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Researchers analyze flocking behavior on curved surfaces

Researchers analyze flocking behavior on curved surfaces | Amazing Science | Scoop.it

A murmuration of starlings. The phrase reads like something from literature or the title of an arthouse film. In fact, it is meant to describe the phenomenon that results when hundreds, sometimes thousands, of these birds fly in swooping, intricately coordinated patterns through the sky.

Or in more technical terms, flocking. But birds are not the only creatures that flock. Such behavior also takes place on a microscopic scale, such as when bacteria roam the folds of the gut. Yet bird or bacteria, all flocking has one prerequisite: The form of the entity must be elongated with a "head" and "tail" to align and move with neighbors in an ordered state.

 

Physicists study flocking to better understand dynamic organization at various scales, often as a way to expand their knowledge of the rapidly developing field of active matter. Case in point is a new analysis by a group of theoretical physicists, including Mark Bowick, deputy director of UC Santa Barbara's Kavli Institute for Theoretical Physics (KITP).

 

Generalizing the standard model of flocking motion to the curved surface of a sphere rather than the usual linear plane or flat three-dimensional space, Bowick's team found that instead of spreading out uniformly over the whole sphere, arrowlike agents spontaneously order into circular bands centered on the equator.

 

The team's findings appear in the journal Physical Review X.


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Algebraic Numbers

Algebraic Numbers | Amazing Science | Scoop.it

This is a picture of the algebraic numbers in the complex plane, made by David Moore based on earlier work by Stephen J. Brooks, and available along with other neat stuff at Moore’s site Math and Code.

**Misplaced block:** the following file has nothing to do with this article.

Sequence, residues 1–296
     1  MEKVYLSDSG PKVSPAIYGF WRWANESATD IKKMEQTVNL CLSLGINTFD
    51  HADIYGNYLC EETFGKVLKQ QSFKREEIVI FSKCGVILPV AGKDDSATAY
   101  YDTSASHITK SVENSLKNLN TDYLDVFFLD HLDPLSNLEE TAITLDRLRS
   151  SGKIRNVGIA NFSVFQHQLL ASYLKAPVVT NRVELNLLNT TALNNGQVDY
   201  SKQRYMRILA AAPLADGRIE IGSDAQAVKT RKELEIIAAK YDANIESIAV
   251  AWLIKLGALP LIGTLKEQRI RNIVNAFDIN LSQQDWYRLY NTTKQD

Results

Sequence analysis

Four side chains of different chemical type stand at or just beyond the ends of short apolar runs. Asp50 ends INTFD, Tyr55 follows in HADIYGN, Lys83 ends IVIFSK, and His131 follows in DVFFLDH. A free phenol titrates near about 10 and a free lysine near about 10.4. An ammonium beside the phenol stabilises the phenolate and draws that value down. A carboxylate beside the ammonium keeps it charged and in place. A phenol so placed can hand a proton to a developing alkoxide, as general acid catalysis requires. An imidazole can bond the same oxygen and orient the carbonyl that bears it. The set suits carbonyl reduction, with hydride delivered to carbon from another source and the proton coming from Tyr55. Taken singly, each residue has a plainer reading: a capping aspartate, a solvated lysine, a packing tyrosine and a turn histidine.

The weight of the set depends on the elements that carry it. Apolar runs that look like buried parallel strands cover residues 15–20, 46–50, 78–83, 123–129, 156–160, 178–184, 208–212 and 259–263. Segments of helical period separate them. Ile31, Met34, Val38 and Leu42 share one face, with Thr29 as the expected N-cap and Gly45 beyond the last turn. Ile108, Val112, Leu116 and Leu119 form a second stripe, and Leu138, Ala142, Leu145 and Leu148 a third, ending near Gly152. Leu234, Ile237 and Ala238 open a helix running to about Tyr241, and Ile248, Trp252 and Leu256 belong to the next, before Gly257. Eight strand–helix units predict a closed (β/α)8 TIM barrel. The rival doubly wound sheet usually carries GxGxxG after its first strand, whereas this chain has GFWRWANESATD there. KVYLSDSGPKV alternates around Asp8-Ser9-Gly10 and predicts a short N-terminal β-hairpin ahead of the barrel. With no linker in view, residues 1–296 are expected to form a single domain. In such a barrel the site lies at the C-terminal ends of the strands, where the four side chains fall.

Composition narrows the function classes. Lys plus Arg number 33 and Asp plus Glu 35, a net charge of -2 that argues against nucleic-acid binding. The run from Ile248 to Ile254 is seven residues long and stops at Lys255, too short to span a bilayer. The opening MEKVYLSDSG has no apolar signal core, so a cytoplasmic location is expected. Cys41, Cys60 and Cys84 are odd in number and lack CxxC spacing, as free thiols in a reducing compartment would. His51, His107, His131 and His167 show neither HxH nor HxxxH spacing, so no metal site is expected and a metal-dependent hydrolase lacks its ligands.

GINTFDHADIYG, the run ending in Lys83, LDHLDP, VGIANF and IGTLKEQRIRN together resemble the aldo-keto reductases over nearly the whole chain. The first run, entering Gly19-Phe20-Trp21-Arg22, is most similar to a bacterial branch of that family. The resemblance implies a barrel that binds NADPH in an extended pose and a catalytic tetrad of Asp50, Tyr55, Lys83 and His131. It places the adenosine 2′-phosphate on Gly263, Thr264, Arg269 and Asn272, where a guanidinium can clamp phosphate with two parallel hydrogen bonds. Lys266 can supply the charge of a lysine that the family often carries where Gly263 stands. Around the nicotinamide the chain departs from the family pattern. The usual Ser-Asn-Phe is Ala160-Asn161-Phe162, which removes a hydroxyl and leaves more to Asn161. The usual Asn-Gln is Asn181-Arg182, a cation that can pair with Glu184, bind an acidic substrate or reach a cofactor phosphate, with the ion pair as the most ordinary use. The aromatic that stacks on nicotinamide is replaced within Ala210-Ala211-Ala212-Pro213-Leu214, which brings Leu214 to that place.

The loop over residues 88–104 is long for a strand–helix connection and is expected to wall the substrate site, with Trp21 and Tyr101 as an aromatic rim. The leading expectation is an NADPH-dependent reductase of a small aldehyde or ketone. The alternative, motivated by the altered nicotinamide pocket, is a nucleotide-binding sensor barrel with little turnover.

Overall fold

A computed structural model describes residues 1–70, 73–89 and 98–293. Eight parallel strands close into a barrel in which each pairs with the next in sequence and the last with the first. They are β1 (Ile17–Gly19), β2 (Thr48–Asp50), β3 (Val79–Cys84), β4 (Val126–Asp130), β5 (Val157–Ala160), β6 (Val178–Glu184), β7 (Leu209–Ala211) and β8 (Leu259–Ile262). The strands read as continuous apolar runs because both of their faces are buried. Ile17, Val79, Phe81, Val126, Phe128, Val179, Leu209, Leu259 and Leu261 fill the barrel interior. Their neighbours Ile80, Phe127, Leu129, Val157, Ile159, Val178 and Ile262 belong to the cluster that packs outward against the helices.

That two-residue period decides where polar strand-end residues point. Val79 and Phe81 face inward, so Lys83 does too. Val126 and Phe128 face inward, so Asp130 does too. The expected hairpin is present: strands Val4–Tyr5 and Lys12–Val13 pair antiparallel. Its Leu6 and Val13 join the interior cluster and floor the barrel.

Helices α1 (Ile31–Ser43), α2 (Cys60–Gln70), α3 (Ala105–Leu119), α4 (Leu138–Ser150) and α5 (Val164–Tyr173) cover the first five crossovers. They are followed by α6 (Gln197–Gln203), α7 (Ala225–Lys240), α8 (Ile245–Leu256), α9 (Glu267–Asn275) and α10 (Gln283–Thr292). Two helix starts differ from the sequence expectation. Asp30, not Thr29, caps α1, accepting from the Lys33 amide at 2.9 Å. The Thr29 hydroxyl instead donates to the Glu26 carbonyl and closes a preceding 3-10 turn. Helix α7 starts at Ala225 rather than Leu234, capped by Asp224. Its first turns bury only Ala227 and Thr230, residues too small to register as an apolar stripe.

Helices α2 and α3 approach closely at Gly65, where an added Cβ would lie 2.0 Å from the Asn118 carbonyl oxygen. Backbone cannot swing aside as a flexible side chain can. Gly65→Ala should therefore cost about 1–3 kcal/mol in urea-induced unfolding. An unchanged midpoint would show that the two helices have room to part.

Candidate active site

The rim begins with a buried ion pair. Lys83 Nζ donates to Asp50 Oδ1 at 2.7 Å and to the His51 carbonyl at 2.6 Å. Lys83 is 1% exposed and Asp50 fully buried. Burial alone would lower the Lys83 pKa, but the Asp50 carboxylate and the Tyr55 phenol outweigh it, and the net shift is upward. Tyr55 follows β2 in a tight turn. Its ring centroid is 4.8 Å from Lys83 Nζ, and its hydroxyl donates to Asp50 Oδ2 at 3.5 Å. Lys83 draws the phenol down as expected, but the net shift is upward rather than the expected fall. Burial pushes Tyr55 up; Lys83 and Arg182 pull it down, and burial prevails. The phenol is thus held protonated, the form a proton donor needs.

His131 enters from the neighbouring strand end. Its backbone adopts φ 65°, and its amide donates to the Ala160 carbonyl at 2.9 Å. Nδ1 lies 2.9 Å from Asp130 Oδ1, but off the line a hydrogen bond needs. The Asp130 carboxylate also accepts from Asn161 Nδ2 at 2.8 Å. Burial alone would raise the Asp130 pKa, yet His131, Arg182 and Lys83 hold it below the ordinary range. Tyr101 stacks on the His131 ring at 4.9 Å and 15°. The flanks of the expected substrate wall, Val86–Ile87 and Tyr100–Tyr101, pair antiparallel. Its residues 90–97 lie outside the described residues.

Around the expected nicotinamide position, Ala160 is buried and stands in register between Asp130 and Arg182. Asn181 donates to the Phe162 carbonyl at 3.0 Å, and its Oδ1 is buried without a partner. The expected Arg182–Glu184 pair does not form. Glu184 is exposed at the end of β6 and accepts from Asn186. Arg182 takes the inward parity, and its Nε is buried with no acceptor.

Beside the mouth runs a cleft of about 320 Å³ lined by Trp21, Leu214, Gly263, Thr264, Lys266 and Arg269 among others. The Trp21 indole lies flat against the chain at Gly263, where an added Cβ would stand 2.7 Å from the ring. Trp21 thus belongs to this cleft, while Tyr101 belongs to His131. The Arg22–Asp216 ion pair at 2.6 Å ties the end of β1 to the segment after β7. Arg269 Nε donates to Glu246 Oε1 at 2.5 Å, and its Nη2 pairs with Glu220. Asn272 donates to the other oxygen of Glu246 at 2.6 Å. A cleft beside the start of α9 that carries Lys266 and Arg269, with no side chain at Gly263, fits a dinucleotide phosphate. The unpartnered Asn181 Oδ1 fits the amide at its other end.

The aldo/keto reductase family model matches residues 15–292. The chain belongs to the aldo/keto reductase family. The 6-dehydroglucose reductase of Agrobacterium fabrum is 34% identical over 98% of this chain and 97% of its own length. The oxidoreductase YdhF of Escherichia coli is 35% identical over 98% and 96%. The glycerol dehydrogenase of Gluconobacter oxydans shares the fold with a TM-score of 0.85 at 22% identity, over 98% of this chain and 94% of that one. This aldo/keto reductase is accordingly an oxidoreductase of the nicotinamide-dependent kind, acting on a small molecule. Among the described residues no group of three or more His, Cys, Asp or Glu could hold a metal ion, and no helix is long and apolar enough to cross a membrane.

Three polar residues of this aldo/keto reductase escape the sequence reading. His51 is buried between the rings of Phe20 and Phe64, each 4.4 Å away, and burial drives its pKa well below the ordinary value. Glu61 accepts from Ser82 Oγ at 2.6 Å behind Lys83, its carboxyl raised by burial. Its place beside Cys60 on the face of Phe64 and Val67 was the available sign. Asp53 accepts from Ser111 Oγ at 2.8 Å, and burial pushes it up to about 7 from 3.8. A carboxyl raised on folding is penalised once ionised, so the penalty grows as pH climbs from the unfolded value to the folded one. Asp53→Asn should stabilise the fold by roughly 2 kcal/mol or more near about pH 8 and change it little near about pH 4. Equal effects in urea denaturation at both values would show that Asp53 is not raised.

Algebraic numbers are roots of polynomials with integer coefficients. The integers 0 and 1 are the big dots near the bottom, while ii is near the top. In this picture, the color of a point indicates the degree of the polynomial of which it’s a root:

• red = roots of linear polynomials, i.e. rational numbers,

• green = roots of quadratic polynomials,

• blue = roots of cubic polynomials,

• yellow = roots of quartic polynomials, and so on.

 

The size of a point decreases exponentially with the ‘complexity’ of the simplest polynomial with integer coefficient of which it’s a root. Here the complexity is the sum of the absolute values of the coefficients of that polynomial.

 

There are many patterns in this picture that call for explanation! For example, look near the point ii. Can you describe some of these patterns, formulate some conjectures about them, and prove some theorems? Maybe you can dream up a stronger version of Roth’s theorem, which says roughly that algebraic numbers tend to ‘repel’ rational numbers of low complexity.

 

David Moore made this image using software created by Stephen J. Brooks on Wikipedia

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New Number Systems Seek Their Lost Primes

New Number Systems Seek Their Lost Primes | Amazing Science | Scoop.it
For centuries mathematicians tried to solve problems by adding new values to the usual numbers. Now they’re investigating the unintended consequences of that tinkering
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Hypercomplex Fractals

Hypercomplex Fractals | Amazing Science | Scoop.it